Flashpoints | Diplomacy

Great Power Competition and the COVID-19 Vaccine Race

China, Russia, and the U.S. are all using vaccines as diplomatic tools, giving a political dimension to other countries’ medical choices.

Great Power Competition and the COVID-19 Vaccine Race
Credit: Unsplash

In January 2021, Foreign Policy published an article warning that the United States risks losing its appeal among allies, as Russia and China reach out to the world with a new diplomatic instrument: coronavirus vaccines. Most notably, vaccines are listed several lines below arms sales and leaders’ official visits in the catalog of diplomatic interactions, which highlights the paramount significance of vaccine development today.

Creating a COVID-19 vaccine can be regarded as a testimony to the effectiveness of a country’s health care system, its technological development, and the sophistication of its scientific research. Great powers China, Russia, and the United States from the very beginning attributed huge diplomatic value to pioneering the global rollout of their vaccines. U.S. media particularly underscored the fact that Russia and China were seeking to expand their global influence via COVID-19 vaccines.

In August 2020, Russia claimed to have registered the first COVID-19 vaccine, dubbed Sputnik V, following two months of laboratory trials. U.S. officials, however, cast doubt on the effectiveness of the Russian vaccine, dismissing it as “Russian roulette” due to the limited time for its development. Russia responded critically to Western media and officials’ remarks, accusing them of “maligning [Russian] achievements in the global race to defeat COVID-19” and waging a “disinformation war against Russia.”

On November 9, the U.S. firm Pfizer was the first to publish data on its vaccine’s effectiveness, which surpassed 90 percent. Two days later Russia also unveiled its trial data with same result, but with lower research statistics (the comparison was done on 20 recorded infections against 94 in the Pfizer trials). Russia faced global criticism for trying for keeping up in the vaccine race by any means necessary.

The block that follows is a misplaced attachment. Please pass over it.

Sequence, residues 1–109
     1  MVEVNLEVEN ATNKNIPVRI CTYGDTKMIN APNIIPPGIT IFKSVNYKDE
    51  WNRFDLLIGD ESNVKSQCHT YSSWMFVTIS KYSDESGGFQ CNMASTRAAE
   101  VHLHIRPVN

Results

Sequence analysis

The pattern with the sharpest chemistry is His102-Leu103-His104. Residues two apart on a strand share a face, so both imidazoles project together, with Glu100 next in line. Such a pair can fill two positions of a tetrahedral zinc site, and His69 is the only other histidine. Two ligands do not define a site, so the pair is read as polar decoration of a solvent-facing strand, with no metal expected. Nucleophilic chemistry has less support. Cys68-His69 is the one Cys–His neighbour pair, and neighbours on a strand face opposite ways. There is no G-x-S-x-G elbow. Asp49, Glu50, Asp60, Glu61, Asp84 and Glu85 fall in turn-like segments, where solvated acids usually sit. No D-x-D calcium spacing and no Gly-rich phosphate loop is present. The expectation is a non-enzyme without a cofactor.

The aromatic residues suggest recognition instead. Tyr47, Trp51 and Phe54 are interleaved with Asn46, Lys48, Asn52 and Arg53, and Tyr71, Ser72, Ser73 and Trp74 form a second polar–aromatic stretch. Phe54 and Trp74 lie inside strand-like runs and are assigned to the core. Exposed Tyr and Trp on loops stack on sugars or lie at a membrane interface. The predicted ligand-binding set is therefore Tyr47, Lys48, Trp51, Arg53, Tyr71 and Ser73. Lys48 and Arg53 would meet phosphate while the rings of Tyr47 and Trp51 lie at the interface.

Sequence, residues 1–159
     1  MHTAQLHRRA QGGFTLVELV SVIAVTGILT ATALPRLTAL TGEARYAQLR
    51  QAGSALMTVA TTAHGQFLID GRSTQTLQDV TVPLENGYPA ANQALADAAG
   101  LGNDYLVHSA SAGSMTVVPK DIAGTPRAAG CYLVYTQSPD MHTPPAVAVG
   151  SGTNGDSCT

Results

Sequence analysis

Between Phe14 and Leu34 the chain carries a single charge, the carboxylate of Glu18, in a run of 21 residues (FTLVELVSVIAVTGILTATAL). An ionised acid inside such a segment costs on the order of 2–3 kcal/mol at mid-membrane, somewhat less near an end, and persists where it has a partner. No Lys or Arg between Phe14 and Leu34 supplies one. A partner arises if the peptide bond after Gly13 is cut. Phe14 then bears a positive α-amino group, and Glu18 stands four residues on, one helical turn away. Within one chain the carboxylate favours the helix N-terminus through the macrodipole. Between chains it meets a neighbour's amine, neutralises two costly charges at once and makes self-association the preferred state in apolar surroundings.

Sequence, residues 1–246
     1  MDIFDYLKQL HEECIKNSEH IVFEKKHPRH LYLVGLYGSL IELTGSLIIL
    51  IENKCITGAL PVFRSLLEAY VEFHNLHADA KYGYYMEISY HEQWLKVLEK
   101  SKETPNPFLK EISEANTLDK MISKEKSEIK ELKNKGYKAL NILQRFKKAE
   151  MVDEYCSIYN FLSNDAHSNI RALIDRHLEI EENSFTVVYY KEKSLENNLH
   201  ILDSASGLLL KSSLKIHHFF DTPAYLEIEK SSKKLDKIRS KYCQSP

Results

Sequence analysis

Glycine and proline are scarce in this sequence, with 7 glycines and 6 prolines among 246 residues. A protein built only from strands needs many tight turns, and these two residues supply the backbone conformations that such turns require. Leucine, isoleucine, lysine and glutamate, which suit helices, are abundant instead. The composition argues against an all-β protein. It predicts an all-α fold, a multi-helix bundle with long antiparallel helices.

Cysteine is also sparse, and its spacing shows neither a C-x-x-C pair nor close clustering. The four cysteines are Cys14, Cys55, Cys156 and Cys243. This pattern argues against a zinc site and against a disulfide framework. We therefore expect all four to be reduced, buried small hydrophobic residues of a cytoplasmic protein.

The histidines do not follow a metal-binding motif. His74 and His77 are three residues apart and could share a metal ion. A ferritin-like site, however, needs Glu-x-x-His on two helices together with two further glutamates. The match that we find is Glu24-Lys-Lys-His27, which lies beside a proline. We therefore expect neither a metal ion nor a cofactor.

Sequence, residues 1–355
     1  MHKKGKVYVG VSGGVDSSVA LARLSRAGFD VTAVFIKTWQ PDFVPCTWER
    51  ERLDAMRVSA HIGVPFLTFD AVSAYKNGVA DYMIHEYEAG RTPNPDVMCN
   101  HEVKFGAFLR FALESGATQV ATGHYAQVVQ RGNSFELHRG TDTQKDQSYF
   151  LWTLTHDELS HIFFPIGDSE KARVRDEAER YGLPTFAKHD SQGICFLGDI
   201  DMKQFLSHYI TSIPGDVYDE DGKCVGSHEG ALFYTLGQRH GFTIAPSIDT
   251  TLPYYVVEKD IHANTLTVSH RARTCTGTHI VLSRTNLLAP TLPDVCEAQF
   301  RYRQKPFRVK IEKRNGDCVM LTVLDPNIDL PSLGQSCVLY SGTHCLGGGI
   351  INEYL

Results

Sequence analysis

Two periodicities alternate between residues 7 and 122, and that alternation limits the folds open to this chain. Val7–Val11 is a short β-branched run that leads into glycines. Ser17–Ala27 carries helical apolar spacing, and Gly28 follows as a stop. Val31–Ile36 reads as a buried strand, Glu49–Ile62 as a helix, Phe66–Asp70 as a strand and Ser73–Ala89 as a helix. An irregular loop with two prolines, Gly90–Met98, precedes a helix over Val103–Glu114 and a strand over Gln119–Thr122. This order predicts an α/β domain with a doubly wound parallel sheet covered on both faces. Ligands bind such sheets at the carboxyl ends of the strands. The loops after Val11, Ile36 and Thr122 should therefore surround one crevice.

During the November BRICS summit Russian President Vladimir Putin publicly touted the high effectiveness of Sputnik V and called on forum partners to participate in the vaccine’s joint production and deployment. In January 2021, in order to encourage massive worldwide inoculation with the Russian vaccine, Putin called Sputnik V “the best in the world.”

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China also stresses it was one of the first few countries to start developing vaccines, with five prototypes reaching the third phase of clinical trials. Xinhua, China’s state news agency, highlighted the claim that Chinese-made vaccines would be made a “global public good,” adding later that the inoculations would be distributed at reasonable prices to the developing world.

How has this played out in practice? Unsurprisingly, a country’s preference in diplomatic partners has a big influence on whethere it sources its vaccines from China, Russia, or the United States.

Indonesia and the Philippines are touting the Chinese Sinovac vaccine, while Vietnam and Malaysia are considering using Chinese vaccines. Brazil and Uzbekistan are simultaneously opting for vaccines from Russia and China.

The largest purchaser of Sputnik V is India, with 100 million doses on order as of January 13, followed by Mexico with 32 million doses ordered, then Egypt and Nepal, both with orders of 25 million. As of January 2021, Russia publicized that 1 billion orders had been placed worldwide for Sputnik V in an attempt to spotlight its popularity and potential.